‘The Rings of Power’ Delivers a Complex Story and Breathtaking Visuals
However, Prime Video’s ‘Lord of the Rings' series introduces so many new characters in its opening episodes, you'll need a PhD in Tolkien to really understand.
The new show is based on the work of author J. R. R. Tolkien, and is set thousands of years before the events of 'The Hobbit' and 'The Lord of the Rings.' Specifically based on Tolkien's history of Middle-earth, the series begins during a time of peace after the great war, and is set to cover all the major events of Middle-earth's Second Age, including the forging of the Rings of Power.
Created by J.D. Payne, Patrick McKay, and J.A. Bayona, the new series includes Elves Galadriel (Morfydd Clark) and Elrond (Robert Aramayo), who were played by Cate Blanchett and Hugo Weaving, respectively, in the Peter Jackson movies. The show also introduces never before seen Tolkien characters like High King Gil-galad (Benjamin Walker), Prince Durin IV (Owain Arthur), and Celebrimbor (Charles Edwards).
The result is a breathtakingly beautiful looking series with some wonderful characters and performances but no real sense of direction. In its first two episodes the series introduces so many characters and locations, it feels like you are reading a Tolkien encyclopedia or need a PhD in Tolkien to really understand what’s going on.
J.R.R. Tolkien’s work is dense, to say the least. There is a lot of information in those texts, and he certainly knew how to world-build. But as rich as his material is, that makes it really difficult to adapt to live-action, because there are so many characters and locations in his world to choose from. Which is why director Peter Jackson made ‘The Lord of the Rings’ into three separate two and a half hour movies! So, after obtaining the rights to Tolkien’s work, Prime Video wisely chose to adapt his work into a ‘Game of Thrones’ style TV show.
Having only seen the first two episodes, I can say that there was a lot of promise, even if the characters and plot have not been fully fleshed out yet. The series begins after the great war and the darkness has seemingly been put out. Galadriel still believes that the darkness is out there, and tries to convince Elrond and Gil-galad. The remainder of the first two episodes sets up all the other characters, and their particular journeys.
Moved by Galadriel, Elrond soon meets Celebrimbor, the man who will presumably make the rings, and they travel to seek the help of Durin IV, an old friend of Elrond. We also meet Bronwyn (Nazanin Boniadi) and Arondir (Ismael Cruz Córdova), a human healer and Silvan Elf that are forbidden to fall in love.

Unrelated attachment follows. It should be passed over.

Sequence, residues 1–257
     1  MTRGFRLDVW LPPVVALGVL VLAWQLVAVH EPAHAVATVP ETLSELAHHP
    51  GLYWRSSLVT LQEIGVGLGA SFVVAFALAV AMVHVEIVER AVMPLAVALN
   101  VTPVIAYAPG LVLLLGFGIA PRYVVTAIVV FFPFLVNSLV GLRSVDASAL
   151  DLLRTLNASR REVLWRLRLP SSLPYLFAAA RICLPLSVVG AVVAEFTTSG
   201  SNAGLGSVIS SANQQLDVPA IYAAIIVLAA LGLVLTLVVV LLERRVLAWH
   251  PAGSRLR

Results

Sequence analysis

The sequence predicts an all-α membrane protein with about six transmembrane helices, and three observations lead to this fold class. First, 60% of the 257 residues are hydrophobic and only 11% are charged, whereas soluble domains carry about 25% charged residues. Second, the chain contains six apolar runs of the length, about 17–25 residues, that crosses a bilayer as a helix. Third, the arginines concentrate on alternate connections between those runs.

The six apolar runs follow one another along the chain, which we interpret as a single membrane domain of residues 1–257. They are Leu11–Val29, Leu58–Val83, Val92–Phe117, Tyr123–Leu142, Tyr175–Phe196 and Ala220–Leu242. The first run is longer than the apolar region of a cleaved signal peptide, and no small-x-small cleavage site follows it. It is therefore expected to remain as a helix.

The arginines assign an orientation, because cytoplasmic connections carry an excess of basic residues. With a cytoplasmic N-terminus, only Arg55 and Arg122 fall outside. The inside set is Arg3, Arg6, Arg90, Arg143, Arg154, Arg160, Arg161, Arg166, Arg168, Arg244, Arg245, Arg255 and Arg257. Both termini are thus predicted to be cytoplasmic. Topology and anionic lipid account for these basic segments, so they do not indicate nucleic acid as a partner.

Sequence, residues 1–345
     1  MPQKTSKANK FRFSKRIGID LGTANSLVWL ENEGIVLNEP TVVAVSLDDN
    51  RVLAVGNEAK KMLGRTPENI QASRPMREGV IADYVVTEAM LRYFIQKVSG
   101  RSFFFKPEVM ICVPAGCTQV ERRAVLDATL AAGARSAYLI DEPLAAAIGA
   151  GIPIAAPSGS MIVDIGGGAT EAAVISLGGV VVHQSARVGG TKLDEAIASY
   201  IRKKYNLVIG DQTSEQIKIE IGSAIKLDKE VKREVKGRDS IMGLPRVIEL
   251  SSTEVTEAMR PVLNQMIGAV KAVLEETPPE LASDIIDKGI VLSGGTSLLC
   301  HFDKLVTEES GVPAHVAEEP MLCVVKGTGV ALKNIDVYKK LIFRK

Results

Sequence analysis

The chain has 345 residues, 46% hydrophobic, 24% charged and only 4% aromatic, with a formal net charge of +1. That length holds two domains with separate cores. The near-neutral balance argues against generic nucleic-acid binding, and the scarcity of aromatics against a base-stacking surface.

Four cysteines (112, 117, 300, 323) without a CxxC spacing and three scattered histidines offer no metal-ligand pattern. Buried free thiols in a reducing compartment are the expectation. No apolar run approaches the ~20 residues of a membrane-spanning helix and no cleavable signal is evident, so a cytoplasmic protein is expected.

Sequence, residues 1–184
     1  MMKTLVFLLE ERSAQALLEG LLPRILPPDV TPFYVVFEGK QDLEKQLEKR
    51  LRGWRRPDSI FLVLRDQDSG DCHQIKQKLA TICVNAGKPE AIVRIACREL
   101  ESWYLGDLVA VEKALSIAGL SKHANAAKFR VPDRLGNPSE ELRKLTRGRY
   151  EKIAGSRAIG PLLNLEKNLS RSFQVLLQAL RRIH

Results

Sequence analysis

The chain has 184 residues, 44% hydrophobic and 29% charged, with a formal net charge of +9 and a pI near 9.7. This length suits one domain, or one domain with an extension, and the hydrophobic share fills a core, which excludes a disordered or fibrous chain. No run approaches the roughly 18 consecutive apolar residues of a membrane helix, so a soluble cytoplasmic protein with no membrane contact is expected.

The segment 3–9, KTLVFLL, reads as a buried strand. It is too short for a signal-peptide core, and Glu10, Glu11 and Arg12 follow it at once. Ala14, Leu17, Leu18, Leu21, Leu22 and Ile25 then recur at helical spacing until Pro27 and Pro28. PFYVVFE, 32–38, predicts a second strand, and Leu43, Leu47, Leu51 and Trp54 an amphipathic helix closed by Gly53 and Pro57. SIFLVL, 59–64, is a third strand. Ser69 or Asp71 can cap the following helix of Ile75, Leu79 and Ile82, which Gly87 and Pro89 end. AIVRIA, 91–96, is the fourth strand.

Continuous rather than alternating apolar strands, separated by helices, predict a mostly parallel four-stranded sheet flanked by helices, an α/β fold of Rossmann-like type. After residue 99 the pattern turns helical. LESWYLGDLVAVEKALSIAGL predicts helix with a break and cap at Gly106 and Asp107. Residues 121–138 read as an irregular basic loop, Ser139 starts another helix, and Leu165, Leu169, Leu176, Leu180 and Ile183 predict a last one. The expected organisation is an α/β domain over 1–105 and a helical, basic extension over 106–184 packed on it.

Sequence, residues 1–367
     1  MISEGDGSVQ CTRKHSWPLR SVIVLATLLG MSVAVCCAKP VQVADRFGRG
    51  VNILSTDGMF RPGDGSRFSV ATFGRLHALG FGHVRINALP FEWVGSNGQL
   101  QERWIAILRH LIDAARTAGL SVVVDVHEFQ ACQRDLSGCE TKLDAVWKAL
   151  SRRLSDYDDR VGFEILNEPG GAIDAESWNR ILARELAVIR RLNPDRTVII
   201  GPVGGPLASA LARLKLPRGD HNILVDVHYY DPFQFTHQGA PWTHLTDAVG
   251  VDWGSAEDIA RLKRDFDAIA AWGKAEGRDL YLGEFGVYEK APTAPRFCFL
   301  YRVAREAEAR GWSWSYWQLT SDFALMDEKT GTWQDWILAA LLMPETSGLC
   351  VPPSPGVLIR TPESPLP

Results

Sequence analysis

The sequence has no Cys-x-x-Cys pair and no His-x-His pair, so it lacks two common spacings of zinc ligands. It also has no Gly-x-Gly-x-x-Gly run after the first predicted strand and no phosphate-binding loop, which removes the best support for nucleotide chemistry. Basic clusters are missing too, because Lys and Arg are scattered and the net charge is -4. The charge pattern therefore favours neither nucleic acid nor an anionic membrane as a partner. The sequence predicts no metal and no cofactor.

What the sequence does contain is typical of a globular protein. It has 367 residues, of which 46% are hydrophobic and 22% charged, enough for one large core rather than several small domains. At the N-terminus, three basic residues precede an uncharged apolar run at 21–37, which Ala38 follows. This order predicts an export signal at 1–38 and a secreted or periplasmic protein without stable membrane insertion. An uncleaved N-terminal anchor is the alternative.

Finally, we meet the Harfoot clan, which are basically precursors to the Hobbits. Nori (Markella Kavenagh) and Poppy (Megan Richards) are kind of this story’s Frodo and Sam, and they soon meet the Stranger (Daniel Weyman), who apparently fell from the sky in a flaming meteor. Meanwhile, Galadriel decides not to take Gil-galad’s advise and return home, and instead finds herself lost at sea with Halbrand (Charlie Vickers).
As you can clearly see, there is a lot going on, and the first two episodes do a good job of setting up what is yet to come. But there is a lot to explain, and I’m hoping the series as a whole does a better job with juggling all of the characters and stories.
Galadriel is definitely the main character and Morfydd Clark is excellent at filling the shoes once worn by Cate Blanchett. The actress totally makes the character her own and shows us a rebellious side of Galadriel never seen before on screen.
Robert Aramayo is also strong as Elrond, and brings a youthfulness to the character. I also enjoyed his relationship to Durin IV, who is wonderfully played by Owain Arthur. Nazanin Boniadi is excellent as Bronwyn, and her storyline with Arondir is one of the most interesting of the inaugural episodes.
Charlie Vickers’ Halbrand seems like he will be an important character in the series moving forward, but what role he will play in the other storylines is still unclear as not enough time was given to his character just yet.
J.A. Bayona, who directed the first two episodes really delivered a beautiful looking product. From the luscious landscapes, to the gorgeous costumes, and the carefully applied use of practical and visual effects, Bayona has created an immersive world, large in scope that even Tolkien would be proud of.
My biggest problem with the first two episodes isn’t that I didn’t like them, actually, I thought they was pretty great. But it did leave me confused as to what was going on. My limited knowledge of Tolkien’s work (basically reading ‘The Hobbit’ when I was a kid and watching all the movies) is probably still greater than the average viewer’s Tolkien knowledge, and I was still lost at times, so I fear others may have a similar issue.
And at the end of the first two episodes I couldn’t tell you what the series was actually about, other than the assumption that the darkness will return, our heroes will try to fight it, and eventually the rings will be made. But will that all happen in this first season? Or will it take several seasons for the rings to be made? I sure hope not.
In the end, Prime Video and the showrunners have delivered a series worthy of the IP it was adapted from. Even with its packed character roster and complex storytelling, the first two episodes set-up countless possibilities for what this show could ultimately turn out to be, and I for one will keep watching.
‘The Lord of the Rings: The Rings of Power’ receives 4 out of 5 stars.
You can click on the video player below to watch our interviews with the entire cast of Prime Video’s 'The Lord of the Rings: The Rings of Power.’